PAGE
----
It includes sensors for monitoring blood oxygen saturation, electrocardiogram and heart rate applications, as well as temperature and a skin conductance electrical sensor (cEDA) for monitoring body response. All of this is designed to thoroughly understand the user’s physical condition and alert them when something is not right.
Google achieves this by combining two worlds: its artificial intelligence technology with Fitbit’s expertise in the field of physical activity. With it, users can instantly know their body’s response, not only indicating when and how to train but also when to rest or how to manage stress.
Additionally, it features other functions like an altimeter, GPS, compass, or NFC, aiming for independence from the phone— or at least not taking it out of the pocket— to make payments with Wallet or check an address on Google Maps. Moreover, you can use it for more mundane but essential tasks in daily life, like checking the result of your favorite team or responding to WhatsApp conversations.
Regarding battery life, Google promises 24 hours with the always-on display, although in the first few days of use, it sometimes fell short to last the day. We still need to perform more tests in a more normal and less intensive use to see how it behaves, but it requires a few days of calibration to get to know your body and adapt to your routines. In any case, it comes with a fast charging cable, allowing you to charge it to 80% in 43 minutes (50% in 30 minutes and 100% in an hour and fifteen minutes).
Another major novelty in Google’s new devices is the price. The Pixel 8 starts at 799 euros for the 128 GB version and goes up to 859 euros for the 256 GB version. The Pixel 8 Pro starts at 1,099 euros (128 GB) and goes up to 1,159 and 1,299 euros for the 256 GB and 512 GB versions. The Pixel Watch 2, on the other hand, is in a single version priced at 399 euros, but it drops to 229 euros if purchased with one of the latest phones.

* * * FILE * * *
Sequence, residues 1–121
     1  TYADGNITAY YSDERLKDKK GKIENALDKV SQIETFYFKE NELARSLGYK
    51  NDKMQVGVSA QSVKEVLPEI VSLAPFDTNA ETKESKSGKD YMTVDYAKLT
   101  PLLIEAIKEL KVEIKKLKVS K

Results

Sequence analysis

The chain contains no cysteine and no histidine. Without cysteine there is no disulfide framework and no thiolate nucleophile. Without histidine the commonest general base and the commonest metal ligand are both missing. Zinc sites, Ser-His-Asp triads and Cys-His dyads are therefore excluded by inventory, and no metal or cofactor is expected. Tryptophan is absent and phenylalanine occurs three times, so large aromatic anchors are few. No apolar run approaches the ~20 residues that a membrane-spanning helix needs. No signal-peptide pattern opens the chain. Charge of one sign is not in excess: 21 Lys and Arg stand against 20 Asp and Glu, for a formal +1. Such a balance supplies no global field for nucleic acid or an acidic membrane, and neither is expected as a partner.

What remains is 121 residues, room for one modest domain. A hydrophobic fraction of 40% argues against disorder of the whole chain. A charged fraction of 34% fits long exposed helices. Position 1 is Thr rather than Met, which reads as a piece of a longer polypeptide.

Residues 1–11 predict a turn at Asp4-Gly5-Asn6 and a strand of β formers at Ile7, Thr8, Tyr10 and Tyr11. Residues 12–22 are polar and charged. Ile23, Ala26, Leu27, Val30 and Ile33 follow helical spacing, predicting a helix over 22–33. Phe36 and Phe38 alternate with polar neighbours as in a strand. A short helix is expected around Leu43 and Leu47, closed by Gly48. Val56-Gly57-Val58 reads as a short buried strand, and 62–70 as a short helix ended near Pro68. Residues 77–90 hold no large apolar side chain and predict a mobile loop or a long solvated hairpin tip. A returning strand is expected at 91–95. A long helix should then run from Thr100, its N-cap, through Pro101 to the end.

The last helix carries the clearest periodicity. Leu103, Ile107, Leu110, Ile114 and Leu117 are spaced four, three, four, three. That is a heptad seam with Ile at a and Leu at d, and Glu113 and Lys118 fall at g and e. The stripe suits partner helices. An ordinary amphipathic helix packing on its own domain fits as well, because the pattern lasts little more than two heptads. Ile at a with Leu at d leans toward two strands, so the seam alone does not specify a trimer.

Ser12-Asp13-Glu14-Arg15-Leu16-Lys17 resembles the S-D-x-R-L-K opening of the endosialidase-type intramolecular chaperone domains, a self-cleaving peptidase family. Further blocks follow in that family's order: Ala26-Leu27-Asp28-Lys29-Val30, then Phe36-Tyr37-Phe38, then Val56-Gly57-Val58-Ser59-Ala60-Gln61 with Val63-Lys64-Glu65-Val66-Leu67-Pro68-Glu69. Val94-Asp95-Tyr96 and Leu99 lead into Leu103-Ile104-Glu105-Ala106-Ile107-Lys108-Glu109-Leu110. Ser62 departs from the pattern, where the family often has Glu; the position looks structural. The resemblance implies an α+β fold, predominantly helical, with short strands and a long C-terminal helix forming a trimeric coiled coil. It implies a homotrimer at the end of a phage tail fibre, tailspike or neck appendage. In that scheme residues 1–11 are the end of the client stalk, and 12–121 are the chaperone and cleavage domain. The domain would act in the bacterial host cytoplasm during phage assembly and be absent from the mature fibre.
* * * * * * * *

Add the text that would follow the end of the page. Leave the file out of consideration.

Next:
These prices mean that these are not devices for the general public, as the Pixel 7a might be. These are high-end devices with strong features designed to last over time and make the most of their performance for years. If you want an extremely ambitious camera, I would recommend going for the Pro model—also for the larger and brighter screen. If you want a high-performance phone that takes excellent photos, the Pixel 8 is your phone. On the other hand, if you are looking for the extreme balance between price and photo quality, your phone is the Pixel 7a, an excellent mid-range phone with a fantastic camera.
As for the watch, it has a high price compared to other compatible options on the Android market. While its performance and design are fantastic, some users may be put off by the need to charge it daily. It’s not an issue for me, as I’m used to doing it with the Apple Watch, but for those who recharge their smartwatch once a week, having to do it during shower time or breakfast may change their usual routine. In any case, it’s the best tandem you can have for the Pixel 8, just as the Apple Watch is for the iPhone or the Galaxy Watch is for Samsung phones. It’s the ideal sidekick.